Intervention strategies aimed at preventing adverse food reactions

Most of the work in this area has been directed at preventing allergic sensitisation (primary prevention), rather than the prevention or suppression of clinical disease once sensitisation has occurred (secondary and tertiary prevention respectively). Up to now, no therapy has been shown to be of value in secondary or tertiary prevention of adverse food reactions. Furthermore, whilst some studies show that pharmacological intervention may alter the incidence and natural history of asthma, there...

Introduction the law and food intolerance

The results of a food intolerance condition can vary from mild discomfort through severe pain to tragedy. How can the law help to regulate this situation and protect the consumer whilst providing a framework in which business can operate How successful is it in achieving this objective Throughout history laws have existed to protect the consumer against the adulteration of food, whether deliberate or accidental. Watering down of milk and the contamination of food with heavy metals have long...

Maternal intervention

The potential for in utero sensitisation to food allergens via the placenta or swallowing of amniotic fluid has led to a number of investigators restricting possible antigens in the maternal diet during pregnancy. The potential for sensitisation during lactation also exists as small amounts of food allergens have been found in breast milk. Beta-lactoglobulin is found in the breast milk of 95 of mothers consuming cows' milk during lactation (Host et al. 1988). Peanut and other proteins have also...

Measuring the frequency of adverse food reactions and relating this to the natural history

There are a number of ways of measuring the degree to which a population is affected by a disease process such as food allergy. The best approach depends on the question being asked. Investigators usually measure either the incidence or the prevalence. The incidence is the number of new cases of adverse food reactions developing over a specified time. This is a useful measure when studying causality and possible preventative strategies but it gives little idea of the proportion of the...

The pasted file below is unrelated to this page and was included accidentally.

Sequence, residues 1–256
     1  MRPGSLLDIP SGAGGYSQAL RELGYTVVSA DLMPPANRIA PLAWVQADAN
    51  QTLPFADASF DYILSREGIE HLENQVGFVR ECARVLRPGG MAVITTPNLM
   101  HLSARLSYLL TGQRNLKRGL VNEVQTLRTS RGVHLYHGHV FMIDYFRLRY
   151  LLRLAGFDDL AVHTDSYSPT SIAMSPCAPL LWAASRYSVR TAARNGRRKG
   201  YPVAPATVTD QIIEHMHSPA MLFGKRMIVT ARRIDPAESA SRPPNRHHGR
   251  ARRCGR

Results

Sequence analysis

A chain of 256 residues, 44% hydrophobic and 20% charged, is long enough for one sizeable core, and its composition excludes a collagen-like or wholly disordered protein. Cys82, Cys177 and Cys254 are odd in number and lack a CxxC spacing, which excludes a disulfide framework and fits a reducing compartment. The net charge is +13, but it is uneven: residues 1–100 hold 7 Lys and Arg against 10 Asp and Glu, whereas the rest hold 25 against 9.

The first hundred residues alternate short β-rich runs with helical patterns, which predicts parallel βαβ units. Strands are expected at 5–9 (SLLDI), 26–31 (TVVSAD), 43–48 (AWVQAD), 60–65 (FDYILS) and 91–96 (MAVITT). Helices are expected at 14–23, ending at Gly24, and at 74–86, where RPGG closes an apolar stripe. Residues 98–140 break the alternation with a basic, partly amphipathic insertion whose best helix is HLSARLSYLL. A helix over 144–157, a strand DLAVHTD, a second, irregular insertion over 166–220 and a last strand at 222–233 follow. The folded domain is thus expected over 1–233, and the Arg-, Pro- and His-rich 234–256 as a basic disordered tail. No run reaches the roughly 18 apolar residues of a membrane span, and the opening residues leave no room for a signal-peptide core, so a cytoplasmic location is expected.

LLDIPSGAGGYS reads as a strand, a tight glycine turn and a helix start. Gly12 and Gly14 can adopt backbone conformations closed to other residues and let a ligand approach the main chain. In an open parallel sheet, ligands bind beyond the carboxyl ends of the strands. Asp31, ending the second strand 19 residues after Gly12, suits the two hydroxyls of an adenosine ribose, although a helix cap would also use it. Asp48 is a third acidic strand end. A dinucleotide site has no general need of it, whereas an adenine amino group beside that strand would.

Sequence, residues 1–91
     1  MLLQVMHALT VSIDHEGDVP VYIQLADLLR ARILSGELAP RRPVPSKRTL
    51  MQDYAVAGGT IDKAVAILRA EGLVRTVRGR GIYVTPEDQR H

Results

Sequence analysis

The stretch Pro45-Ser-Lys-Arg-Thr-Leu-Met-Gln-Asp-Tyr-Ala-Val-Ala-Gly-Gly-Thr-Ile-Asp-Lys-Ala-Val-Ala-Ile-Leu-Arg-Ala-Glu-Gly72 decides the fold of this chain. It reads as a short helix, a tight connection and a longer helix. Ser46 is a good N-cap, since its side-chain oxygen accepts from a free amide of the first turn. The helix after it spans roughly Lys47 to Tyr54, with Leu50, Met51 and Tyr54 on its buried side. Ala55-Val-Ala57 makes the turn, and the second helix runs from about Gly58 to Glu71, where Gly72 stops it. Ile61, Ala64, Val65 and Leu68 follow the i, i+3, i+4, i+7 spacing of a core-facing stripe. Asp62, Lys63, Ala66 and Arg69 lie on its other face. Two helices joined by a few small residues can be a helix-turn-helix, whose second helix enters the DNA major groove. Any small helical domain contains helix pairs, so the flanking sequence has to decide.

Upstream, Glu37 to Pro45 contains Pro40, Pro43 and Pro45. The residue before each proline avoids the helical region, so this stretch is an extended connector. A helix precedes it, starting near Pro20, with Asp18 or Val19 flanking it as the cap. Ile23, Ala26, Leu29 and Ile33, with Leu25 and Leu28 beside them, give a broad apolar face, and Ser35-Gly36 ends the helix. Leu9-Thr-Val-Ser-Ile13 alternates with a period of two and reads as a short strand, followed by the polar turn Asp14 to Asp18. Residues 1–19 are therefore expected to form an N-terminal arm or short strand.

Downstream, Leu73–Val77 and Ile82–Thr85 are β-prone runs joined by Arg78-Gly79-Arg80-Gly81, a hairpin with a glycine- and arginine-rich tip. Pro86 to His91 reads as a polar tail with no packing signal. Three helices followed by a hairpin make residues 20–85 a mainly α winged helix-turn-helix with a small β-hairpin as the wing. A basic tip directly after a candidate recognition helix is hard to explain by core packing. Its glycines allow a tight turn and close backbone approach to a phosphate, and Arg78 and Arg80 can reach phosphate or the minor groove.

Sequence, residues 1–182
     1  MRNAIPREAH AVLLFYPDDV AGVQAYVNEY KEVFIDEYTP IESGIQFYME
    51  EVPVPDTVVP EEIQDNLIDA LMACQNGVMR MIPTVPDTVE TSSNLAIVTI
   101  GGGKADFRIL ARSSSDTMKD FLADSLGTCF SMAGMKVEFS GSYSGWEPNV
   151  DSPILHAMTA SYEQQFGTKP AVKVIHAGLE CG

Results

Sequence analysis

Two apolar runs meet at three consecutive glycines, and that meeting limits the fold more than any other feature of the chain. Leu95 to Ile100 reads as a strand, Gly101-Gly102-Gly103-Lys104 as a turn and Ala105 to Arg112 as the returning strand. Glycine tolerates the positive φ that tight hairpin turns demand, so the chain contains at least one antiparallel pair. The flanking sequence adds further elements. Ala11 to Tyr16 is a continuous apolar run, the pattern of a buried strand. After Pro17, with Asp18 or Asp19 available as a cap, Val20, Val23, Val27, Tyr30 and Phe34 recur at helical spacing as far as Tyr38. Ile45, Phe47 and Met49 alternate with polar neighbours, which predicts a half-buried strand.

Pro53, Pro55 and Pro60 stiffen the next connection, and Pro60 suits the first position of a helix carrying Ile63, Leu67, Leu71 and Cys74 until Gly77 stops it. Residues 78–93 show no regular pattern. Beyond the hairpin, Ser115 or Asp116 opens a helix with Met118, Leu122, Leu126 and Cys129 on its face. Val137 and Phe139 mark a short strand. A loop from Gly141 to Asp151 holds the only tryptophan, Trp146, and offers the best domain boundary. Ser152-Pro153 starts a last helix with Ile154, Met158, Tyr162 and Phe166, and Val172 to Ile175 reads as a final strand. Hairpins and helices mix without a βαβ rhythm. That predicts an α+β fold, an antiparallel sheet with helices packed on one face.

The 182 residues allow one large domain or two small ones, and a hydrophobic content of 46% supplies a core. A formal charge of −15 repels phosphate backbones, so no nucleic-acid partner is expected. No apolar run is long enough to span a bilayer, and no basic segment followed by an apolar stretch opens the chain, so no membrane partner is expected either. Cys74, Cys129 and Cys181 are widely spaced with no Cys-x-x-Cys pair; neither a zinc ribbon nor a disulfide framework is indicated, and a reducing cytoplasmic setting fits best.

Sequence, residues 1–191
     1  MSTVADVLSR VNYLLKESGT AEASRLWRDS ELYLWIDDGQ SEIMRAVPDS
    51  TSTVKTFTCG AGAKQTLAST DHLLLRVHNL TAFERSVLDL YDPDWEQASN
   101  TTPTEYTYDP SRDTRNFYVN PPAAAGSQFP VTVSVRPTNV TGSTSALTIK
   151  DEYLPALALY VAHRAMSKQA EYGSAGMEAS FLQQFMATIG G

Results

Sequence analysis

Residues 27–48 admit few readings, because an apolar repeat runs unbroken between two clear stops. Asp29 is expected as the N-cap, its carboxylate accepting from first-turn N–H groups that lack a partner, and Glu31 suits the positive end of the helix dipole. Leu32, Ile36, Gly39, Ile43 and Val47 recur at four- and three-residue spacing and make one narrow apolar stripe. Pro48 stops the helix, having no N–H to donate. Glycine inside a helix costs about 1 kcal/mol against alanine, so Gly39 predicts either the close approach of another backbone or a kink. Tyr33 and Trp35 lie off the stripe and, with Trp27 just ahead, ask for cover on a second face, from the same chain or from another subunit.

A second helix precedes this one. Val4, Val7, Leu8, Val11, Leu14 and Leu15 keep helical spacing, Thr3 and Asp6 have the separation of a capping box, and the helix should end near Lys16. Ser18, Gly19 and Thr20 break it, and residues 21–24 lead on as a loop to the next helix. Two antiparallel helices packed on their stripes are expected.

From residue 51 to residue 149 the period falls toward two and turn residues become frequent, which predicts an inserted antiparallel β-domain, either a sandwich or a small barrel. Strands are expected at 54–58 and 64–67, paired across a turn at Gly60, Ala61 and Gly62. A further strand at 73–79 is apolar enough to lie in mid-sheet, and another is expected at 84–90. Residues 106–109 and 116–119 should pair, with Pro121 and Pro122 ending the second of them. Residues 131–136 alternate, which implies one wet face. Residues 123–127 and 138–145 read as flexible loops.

Nonimmunological mechanisms

Enzymatic food intolerance is due to an enzyme defect which could result from an inborn error of metabolism or could be secondary to a number of disorders. The most common food intolerances in this category are disaccharide deficiencies, galactosemia and phenylketonuria. Amongst disaccharide deficiencies, lactose intolerance is the most common. Lactose deficiency can be congenital, persisting in the neonatal period, or can be acquired where it presents later.19 These deficiencies are...

Novel and uncommon food allergies

There are a number of foods that are eaten in geographically or culturally quite specific populations and adverse food reactions are limited to these groups. However, with diversification of cultures and diets across the globe, particularly in developed countries, adverse reactions to these foods may be seen in many other countries. A good example is sesame seed, to which allergy in Western countries was rarely reported (Rance et al. 1999). However, there are reports of an increasing number of...

Novel treatments

IgE-mediated food allergic reactions depend on the binding of allergen with IgE antibodies bound to the receptors on the mast cells and basophils. This antigen-antibody reaction causes degranulation of mast cells with the release of preformed and newly synthesised mediators initiating a cascade of inflammatory cell influx, and production of cytokines and mediators. The clinical effect of this is an allergic reaction that may be systemic (anaphylactic reaction), or localised to an organ or...

Occupation and smoking